On 02/20/2018 12:56 PM, Stephen Smalley wrote:
> On Fri, 2018-02-16 at 20:33 +0000, Taras Kondratiuk wrote:
>> From: Victor Kamensky <kamen...@cisco.com>
>> With initramfs cpio format that supports extended attributes
>> we need to skip sid population on sys_lsetxattr call from
>> initramfs for rootfs if security server is not initialized yet.
>> Otherwise callback in selinux_inode_post_setxattr will try to
>> translate give security.selinux label into sid context and since
>> security server is not available yet inode will receive default
>> sid (typically kernel_t). Note that in the same time proper
>> label will be stored in inode xattrs. Later, since inode sid
>> would be already populated system will never look back at
>> actual xattrs. But if we skip sid population for rootfs and
>> we have policy that direct use of xattrs for rootfs, proper
>> sid will be filled in from extended attributes one node is
>> accessed and server is initialized.
>> Note new DELAYAFTERINIT_MNT super block flag is introduced
>> to only mark rootfs for such behavior. For other types of
>> tmpfs original logic is still used.
> (cc selinux maintainers)
> Wondering if we shouldn't just do this always, for all filesystem
> types.  Also, I think this should likely also be done in
> selinux_inode_setsecurity() for consistency.

I don't understand what selinux thinks it's doing here.

Initramfs is special because it's populated early, ideally early enough drivers
can load their firmware out of it. This is guaranteed to be before any processes
have launched, before any other filesystems have been mounted. I'm surprised
selinux is trying to do anything this early because A) what is there for it to
do, B) where did it get a ruleset?

This isn't really a mount flag, this is a "the selinux subsystem isn't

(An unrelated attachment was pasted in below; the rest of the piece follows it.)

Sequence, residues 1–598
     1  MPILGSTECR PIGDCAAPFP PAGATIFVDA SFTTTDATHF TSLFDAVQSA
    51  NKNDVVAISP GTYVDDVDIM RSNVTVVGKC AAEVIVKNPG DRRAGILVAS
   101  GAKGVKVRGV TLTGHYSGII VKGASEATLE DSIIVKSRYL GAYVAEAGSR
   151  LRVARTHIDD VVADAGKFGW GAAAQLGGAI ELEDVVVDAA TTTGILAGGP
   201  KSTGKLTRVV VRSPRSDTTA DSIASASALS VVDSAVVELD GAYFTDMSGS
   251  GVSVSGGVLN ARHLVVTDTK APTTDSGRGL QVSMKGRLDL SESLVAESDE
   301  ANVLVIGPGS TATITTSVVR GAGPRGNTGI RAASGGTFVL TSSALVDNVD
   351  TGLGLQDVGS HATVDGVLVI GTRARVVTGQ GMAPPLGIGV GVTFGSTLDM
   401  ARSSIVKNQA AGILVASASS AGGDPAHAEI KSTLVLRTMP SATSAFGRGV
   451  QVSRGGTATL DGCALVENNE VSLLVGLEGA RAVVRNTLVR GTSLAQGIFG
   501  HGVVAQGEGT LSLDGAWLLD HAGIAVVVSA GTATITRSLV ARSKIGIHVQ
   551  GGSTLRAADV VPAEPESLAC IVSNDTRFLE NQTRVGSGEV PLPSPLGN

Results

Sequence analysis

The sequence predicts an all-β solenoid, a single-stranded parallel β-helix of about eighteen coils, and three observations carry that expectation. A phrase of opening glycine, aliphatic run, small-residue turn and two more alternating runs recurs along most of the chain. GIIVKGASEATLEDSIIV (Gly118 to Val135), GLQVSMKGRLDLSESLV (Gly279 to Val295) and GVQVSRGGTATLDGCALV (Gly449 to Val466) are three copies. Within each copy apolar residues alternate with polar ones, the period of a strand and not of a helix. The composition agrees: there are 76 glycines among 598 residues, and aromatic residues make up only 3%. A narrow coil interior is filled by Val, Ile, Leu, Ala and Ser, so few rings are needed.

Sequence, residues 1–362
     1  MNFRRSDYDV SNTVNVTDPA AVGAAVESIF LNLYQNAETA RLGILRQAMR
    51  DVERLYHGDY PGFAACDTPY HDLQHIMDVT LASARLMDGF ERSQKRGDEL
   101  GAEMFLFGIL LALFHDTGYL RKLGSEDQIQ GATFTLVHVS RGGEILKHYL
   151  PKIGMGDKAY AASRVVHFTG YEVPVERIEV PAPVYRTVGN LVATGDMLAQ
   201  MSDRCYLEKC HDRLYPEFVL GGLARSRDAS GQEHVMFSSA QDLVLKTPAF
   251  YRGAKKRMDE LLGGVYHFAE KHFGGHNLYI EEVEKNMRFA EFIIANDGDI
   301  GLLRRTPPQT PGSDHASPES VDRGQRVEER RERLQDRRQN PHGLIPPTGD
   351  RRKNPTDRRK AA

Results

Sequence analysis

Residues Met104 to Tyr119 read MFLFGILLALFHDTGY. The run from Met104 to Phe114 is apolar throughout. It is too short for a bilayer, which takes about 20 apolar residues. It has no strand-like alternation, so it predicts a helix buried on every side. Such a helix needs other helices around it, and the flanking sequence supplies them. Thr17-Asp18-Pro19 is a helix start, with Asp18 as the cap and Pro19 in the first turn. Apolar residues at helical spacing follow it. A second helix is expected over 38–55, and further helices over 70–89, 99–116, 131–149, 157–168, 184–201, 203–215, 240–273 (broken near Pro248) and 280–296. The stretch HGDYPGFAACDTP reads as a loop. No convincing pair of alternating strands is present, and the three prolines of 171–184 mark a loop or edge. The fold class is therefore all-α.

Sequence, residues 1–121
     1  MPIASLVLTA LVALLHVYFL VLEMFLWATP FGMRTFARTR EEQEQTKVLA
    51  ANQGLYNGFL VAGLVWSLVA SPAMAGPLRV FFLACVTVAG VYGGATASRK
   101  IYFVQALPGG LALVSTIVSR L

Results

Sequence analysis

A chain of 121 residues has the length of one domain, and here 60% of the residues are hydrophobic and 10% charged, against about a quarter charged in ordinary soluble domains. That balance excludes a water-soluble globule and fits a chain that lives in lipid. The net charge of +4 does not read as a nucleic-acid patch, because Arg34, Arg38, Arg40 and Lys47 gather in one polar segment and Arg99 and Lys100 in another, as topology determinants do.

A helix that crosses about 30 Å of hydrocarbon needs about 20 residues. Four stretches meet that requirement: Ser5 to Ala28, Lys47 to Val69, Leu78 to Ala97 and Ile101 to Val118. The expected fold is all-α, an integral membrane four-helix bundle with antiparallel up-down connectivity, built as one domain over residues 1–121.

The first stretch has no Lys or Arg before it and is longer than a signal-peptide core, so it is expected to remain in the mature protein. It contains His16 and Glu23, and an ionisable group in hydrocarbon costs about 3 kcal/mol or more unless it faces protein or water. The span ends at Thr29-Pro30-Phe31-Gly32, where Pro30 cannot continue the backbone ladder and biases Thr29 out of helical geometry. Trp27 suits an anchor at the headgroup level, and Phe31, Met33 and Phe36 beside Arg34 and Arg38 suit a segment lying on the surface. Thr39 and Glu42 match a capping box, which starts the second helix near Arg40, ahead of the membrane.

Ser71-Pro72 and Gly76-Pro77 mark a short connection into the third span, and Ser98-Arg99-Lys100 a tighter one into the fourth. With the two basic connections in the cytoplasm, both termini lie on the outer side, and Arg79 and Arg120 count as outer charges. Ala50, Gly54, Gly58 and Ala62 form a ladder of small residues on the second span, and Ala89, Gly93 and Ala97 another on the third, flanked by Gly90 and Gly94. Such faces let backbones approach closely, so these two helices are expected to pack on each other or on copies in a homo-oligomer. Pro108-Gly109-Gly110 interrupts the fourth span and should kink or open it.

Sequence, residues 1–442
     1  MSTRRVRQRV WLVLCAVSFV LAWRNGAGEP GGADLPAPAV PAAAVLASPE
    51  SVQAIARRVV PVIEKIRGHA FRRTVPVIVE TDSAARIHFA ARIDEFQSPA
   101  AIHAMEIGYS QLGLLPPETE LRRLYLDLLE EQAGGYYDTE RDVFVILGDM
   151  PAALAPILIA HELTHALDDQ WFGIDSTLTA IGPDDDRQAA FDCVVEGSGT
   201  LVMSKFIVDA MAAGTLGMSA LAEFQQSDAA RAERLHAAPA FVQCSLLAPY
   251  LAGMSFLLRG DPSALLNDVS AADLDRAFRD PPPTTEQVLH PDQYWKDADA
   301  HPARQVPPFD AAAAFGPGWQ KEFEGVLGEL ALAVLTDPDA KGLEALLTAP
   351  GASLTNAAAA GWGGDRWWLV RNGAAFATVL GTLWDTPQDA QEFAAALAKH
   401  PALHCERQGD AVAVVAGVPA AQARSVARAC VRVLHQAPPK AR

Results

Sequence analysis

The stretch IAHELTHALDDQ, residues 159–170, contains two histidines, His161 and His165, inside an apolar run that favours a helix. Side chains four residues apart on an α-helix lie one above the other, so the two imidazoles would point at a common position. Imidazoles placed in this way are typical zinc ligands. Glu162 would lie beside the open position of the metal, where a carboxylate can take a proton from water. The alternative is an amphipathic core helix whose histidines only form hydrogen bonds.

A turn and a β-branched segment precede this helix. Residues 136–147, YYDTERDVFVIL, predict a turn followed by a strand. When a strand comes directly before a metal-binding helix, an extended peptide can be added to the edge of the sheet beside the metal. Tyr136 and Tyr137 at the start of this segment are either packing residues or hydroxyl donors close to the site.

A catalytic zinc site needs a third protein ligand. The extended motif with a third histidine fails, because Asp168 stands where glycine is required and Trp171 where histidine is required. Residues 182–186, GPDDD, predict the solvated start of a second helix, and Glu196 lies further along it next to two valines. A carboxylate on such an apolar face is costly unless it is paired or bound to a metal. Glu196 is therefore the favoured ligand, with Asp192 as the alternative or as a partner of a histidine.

functionally initialized yet" flag. We haven't launched init. In a modular
system the module probably isn't loaded. There are no processes, and the only
files anywhere are the ones we're in the process of extracting. What's there
fore selinux to do?

When a filesystem is mounted, none of these cached selinux "we already looked at
the xattrs" inode fields are populated yet, correct? It can figure that out when
something accesses the file and do it then, so the point is _not_ doing this now
and thus not cacheing the wrong info. That's what the mount flag is doing,
telling selinux "not yet". So why does selinux not already _know_ "not yet"?

Why doesn't load_policy flush the cache of the old default contexts? What
happens if you mount an ext2 root and then init reads a dozen files before it
gets to the load_policy? Do those doesn't files have bad default contexts
forever now?

Where does the selinux ruleset come from during the cpio extract? Was it
hardwired into the driver? It certainly didn't come out of a file, and it wasn't
a process that loaded it. Why is selinux trying to evaluate and cache the
security context of files before it has any rules? (It has xattr annotations,
but they have no _meaning_ without rules...?


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